Bickel & Brewer Storefront Comments on the U.S. Supreme Court's Decision to Deny Review of Decision Finding Farmers Branch, Texas, Immigration Ordinance Unconstitutional
DALLAS, March 3, 2014 /PRNewswire/ -- The Bickel & Brewer Storefront commented today on the decision of the United States Supreme Court to deny certiorari of an appeal by the City of Farmers Branch, Texas, relating to the city's unconstitutional immigration ordinance. Today's decision by the High Court marks the end of a successful seven-year campaign by the Storefront to challenge multiple versions of the city's immigration ordinance – bringing to a close a case that captured national headlines.
The court made the announcement following a conference session held on Friday, February 28. The Storefront, the community-service affiliate of the Bickel & Brewer law firm, successfully opposed several versions of the ordinance since 2006.
"Our hope is that the city will close this unfortunate chapter in its history and begin to embrace the changing demographics of the community – as part of a more inclusive and dynamic future," says William A. Brewer III, partner at Bickel & Brewer Storefront and counsel for plaintiffs, the Villas at Parkside, Lakeview at Parkside, Chateau de Ville, and Farmers Branch resident Mary Smith. "We appreciate our clients and those in the community who supported our efforts, and hope that these past years of litigation are instructive to communities and courts around the nation."
Brewer continued, "This case should play a role in the national debate regarding attempts by local governments to regulate immigration."
The city appealed an en banc opinion issued on July 22, 2013, by the United States Court of Appeals for the Fifth Circuit that affirmed a trial court decision striking down Ordinance 2952, the city's third attempt at the immigration ordinance.
The ordinance would have required renters in Farmers Branch to register their presence with the city and prove that they were legal residents in order to retain an occupancy license. The ordinance came under fire for being unconstitutional, and discriminating against the Latino community. The city has spent an estimated $7 million in legal fees pursing the measures.
The courts repeatedly agreed with the Storefront's central argument that the ordinances are preempted by federal law and unconstitutional because they attempted to regulate immigration, which can only be performed by the federal government.
In the Fifth Circuit en banc opinion issued on July 22, 2013, Judge Stephen Higginson wrote, "The Ordinance not only criminalizes occupancy of a rented apartment or single-family residence, but puts local officials in the impermissible position of arresting and detaining persons based on their immigration status without federal direction and supervision."
The City of Farmers Branch requested an en banc rehearing in April 2012, and arguments were heard before the full court in September 2012.
The en banc decision came more than a year after a three-judge panel of the Fifth Circuit affirmed the same lower court ruling. In an opinion filed on March 21, 2012, Judge Thomas Reavley wrote, "We conclude that the ordinance's sole purpose is not to regulate housing but to exclude undocumented aliens, specifically Latinos, from the City of Farmers Branch and that it is an impermissible regulation of immigration."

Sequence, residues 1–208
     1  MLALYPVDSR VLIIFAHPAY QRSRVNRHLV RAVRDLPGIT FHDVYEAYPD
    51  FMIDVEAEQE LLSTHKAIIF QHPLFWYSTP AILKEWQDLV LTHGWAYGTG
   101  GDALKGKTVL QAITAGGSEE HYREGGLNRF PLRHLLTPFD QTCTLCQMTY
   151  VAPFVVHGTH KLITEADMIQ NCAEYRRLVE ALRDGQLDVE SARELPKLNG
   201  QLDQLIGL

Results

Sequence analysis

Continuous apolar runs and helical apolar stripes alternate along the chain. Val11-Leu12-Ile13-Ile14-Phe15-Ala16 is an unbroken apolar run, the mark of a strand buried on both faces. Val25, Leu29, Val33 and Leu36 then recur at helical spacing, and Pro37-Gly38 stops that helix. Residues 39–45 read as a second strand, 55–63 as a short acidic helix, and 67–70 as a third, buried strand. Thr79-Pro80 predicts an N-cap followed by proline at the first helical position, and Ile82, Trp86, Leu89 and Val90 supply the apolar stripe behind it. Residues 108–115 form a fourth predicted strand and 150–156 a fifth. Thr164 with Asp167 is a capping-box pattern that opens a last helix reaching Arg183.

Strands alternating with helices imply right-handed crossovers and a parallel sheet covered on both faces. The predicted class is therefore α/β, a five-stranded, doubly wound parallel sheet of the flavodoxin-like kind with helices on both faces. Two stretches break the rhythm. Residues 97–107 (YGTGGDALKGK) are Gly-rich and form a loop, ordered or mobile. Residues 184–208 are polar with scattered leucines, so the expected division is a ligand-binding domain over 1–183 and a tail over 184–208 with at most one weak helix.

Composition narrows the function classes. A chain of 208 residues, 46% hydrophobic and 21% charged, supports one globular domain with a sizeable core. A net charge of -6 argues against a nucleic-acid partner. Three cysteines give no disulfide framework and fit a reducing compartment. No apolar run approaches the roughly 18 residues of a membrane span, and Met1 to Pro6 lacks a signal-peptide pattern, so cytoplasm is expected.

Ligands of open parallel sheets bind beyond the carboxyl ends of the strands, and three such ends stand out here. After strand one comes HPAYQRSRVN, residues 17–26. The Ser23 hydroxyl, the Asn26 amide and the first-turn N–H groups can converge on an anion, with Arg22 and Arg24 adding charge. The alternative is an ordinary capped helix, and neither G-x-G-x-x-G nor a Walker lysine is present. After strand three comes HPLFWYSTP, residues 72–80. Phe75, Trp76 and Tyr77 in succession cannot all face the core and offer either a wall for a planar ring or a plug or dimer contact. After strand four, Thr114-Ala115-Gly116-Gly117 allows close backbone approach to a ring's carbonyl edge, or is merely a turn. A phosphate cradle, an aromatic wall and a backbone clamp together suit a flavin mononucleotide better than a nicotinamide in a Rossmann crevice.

In March 2010, United States District Judge Jane Boyle ruled that Ordinance 2952 was unconstitutional and issued a permanent injunction barring the enforcement of the ordinance. Ordinance 2903, the predecessor to Ordinance 2952, was previously ruled unconstitutional by United States District Court Judge Sam Lindsay.
In addition to the federal court actions alleging the ordinance was unconstitutional, the Storefront pursued state court actions alleging that the city violated the Texas Open Meetings Act. The Storefront also helped lead a community awareness campaign about the ordinance.
"We hope the Farmers Branch experience will dissuade other communities throughout the nation from considering similar unconstitutional measures," says Bickel & Brewer Storefront partner James S. Renard.
The Storefront also won a landmark victory against Farmers Branch in August 2012, when United States District Court Judge Sidney Fitzwater ruled that the city violated the Voting Rights Act of 1965 by using an at-large voting system to elect its City Council. The victory resulted in the creation of five single-member districts, including one district with a Latino majority.
On May 12, 2013, Latina candidate Ana Reyes was elected to the Farmers Branch City Council by a decisive margin. In July, the City Council also voted not to appeal the voting rights decision.
Joining Brewer and Renard in representing plaintiffs were Bickel & Brewer partner C. Dunham Biles and associate Jack Ternan.
About Bickel & Brewer Storefront:
The Bickel & Brewer Storefront is the community-service affiliate of the Bickel & Brewer law firm. Founded in 1995, the Bickel & Brewer Storefront tackles cases with broad community impact, providing legal assistance to a wide range of individuals, businesses and community entities in need. Visit Bickel & Brewer and the Storefront at www.bickelbrewer.com.
SOURCE Bickel & Brewer Storefront